a hole through both the inner and outer partitions, large
enough to crawl through. He was on the verge of doing so when
the returning officers appeared and stopped him. The attempted
escape did nothing to improve his subsequent defense efforts.
Wednesday afternoon a preliminary trial was convened in the
old town hall, which stood on the site of Edmond Town Hall
in Newtown until 1929. Although the evidence was circumstantial,
Justice Dayton concluded that it was sufficient for a trial.
Stoffel was bound over to the Superior Court and transferred
to a Bridgeport jail, which proved much more substantial than
the Newtown facility.
he had been arrested and indicted, Stoffel was not the only
suspect in this case. Early speculation was that Mary Peck,
who claimed to be the divorced wife of Andrew Peck, may have
been the murderess. She had a child whose father, she alleged,
was Peck. She had a strong motive to get rid of Peck so that
he child, should their marriage be proved valid, could inherit
his estate estimated by the Probate Court at $6,620.83, a
considerable sum in the 1880's. Mary Peck did not commit the
murder, but she kept appearing in subsequent stories relating
to the case so that by the end of Stoffel's trial, a much
clearer picture of Andrew and Mary Peck emerged. The circumstances
of their relationship makes a relatively mundane murder case
Peck was born in Hattertown in 1834, but his father, who had
three wives and was reputedly in constant trouble with women,
was forced to move to Poultny, New York, because of an undisclosed
"problem with a woman." He took his family, including
Andrew, with him. It was there on December 9, 1855, that Andrew
married Mary, only 16 at the time. Three years after the marriage,
she became pregnant and bore a daughter, who later became
Mrs. Metta Elizabeth Shuart. Even before the girl was born,
however, Peck deserted his family and returned to Newtown.
He and Mary were legally divorced in 1861. The notices of
the impending divorce proceedings, however, were published
in local newspapers; thus Mary, who was still in upstate New
York, never saw them. Consequently, the court proceedings
went against her by default, with Andrew gaining his divorce
on the grounds that Mary had deserted him.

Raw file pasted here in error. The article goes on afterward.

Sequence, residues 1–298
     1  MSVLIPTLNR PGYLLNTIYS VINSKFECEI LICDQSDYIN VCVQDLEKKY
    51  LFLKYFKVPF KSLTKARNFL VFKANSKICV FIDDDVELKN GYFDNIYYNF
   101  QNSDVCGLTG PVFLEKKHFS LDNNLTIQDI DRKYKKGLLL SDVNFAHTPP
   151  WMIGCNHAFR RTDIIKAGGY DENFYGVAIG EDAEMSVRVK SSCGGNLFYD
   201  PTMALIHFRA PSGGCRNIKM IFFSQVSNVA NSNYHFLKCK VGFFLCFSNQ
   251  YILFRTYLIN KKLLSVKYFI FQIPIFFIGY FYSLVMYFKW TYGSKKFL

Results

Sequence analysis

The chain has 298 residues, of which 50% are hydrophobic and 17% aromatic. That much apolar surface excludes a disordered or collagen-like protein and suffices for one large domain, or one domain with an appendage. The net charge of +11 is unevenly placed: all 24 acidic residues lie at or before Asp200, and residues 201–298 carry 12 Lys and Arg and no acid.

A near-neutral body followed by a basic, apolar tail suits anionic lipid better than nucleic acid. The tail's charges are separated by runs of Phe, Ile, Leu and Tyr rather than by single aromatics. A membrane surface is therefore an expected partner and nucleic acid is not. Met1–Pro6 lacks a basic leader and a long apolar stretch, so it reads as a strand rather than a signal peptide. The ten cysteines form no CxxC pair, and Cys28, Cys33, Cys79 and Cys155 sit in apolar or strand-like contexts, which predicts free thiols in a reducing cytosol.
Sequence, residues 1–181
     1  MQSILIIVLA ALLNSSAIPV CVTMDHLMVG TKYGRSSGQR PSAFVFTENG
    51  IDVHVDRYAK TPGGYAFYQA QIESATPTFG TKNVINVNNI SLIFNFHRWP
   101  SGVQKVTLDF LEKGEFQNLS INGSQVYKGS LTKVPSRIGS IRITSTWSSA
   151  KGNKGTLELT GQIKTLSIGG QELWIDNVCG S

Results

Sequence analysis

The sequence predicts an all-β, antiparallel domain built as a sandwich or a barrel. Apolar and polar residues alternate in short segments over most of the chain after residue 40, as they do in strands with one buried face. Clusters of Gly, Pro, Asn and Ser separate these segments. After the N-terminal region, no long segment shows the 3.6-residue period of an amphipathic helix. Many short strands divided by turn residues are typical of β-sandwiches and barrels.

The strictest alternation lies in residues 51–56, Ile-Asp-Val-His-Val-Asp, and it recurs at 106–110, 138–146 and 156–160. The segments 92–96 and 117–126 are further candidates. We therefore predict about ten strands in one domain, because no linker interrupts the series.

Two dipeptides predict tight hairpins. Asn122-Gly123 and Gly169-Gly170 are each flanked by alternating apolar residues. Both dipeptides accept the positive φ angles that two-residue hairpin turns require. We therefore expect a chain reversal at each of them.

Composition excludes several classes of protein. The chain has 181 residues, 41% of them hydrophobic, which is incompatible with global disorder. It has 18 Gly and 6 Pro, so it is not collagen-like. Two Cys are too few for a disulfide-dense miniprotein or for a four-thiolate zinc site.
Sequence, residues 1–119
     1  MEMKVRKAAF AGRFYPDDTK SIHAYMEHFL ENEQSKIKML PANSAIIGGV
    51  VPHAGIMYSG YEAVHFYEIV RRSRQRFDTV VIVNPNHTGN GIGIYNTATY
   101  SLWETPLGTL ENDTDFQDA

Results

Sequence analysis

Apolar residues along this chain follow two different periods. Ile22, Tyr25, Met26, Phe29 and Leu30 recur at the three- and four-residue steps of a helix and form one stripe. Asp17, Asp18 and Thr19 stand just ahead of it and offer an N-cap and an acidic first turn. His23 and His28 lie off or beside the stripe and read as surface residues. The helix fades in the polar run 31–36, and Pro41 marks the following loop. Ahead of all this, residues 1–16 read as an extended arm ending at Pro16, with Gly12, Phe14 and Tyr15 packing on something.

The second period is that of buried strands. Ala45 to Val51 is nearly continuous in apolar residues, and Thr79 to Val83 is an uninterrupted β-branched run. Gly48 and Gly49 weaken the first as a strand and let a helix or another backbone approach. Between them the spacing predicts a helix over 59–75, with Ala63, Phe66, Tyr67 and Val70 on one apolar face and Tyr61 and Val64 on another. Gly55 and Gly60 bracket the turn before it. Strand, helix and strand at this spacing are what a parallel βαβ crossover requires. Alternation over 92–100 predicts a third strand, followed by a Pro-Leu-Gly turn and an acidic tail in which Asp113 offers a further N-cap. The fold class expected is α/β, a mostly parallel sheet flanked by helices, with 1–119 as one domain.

20 years after the divorce decree (that she knew nothing about)
was granted, Mary found out that Andrew was living in the
southwestern area of Newtown. She had learned of his whereabouts
from a letter sent to her by Andrew's brother-in-law. The
reason for this letter, which was dated 1882, is not clear,
but it created a round of letters between Andrew and his former
wife. Finally, he sent Mary some money and invited her to
join him, which she accepted. The divorced couple lived together
on Town's End Road for two years under stormy circumstances
until 1885 when she left him and returned to Rochester where
she had lived before learning of Andrew's whereabouts. Six
months later, Mary was back in Connecticut; but at least twice
more she took off to New York, returning to Andrew each time
within a few months. These New York trips are shrouded in
mystery. Later newspaper accounts claim she was running a
"house of ill repute" in Rochester before coming
to Newtown the first time. Her frequent return trips to Rochester
may have been connected with her former profession, or perhaps
she was simply eager to get away from Andrew for a while.
Mary returned for the last time in August of 1887, Andrew
was living with Jennie Alice Lockwood, a former nurse at Bridgeport
Hospital. Mary stayed with the couple for several days, but
soon found the situation intolerable. She had her things moved
to Albert Platt's house, located about a mile west of the
Peck homestead. There she was described as "living in
criminal intimacy" with Platt at the time of Andrew's
murder. Oddly, Mark Peck was the first person Jennie Lockwood
contacted after she realized Andrew Peck had been killed.
Alice Lockwood's relationship with Peck, and her role in the
events of June 8, became clear only after several months of
newspaper articles had revealed the latest aspects of the
case. Initially, Jennie staunchly maintained that she and
Peck had been married a few months before his death, and that
he had written a will leaving his estate to her. Not surprisingly,
neither a marriage certificate nor a will was ever found.
A subsequent local news item reveals that Lockwood's testimony
concerning Peck's last words was hopelessly unreliable. One
witness, William Gilbert, testified in court that Jennie was
under the influence of morphine at the time, a substance to
which she was addicted. In fact, according to one source,
police officers found "84 bottles that contained the
drug in her bedroom, beside a large number of empty bottles."
Gilbert further testified that she could not possibly have
been aroused from her sleep when the fatal shot was fired.
interesting footnote to Jennie Lockwood was added by Judge
Anderson. He remembered her from when he was a child, not
long after the turn of the century. According to him, she
would appear in Redding and stay for six months or so and
then disappear, only to reappear somewhat later for another
"visit," staying at a different house, with a different
man. The judge was too young to fully understand the situation,
but he remembered the disapproving whispers of his parents
and other adults in the neighborhood.
Rudolf Stoffel languished in his Bridgeport jail cell. Since
he did not have enough money to post bail, he was forced to
stay there through the following winter. Finally, by March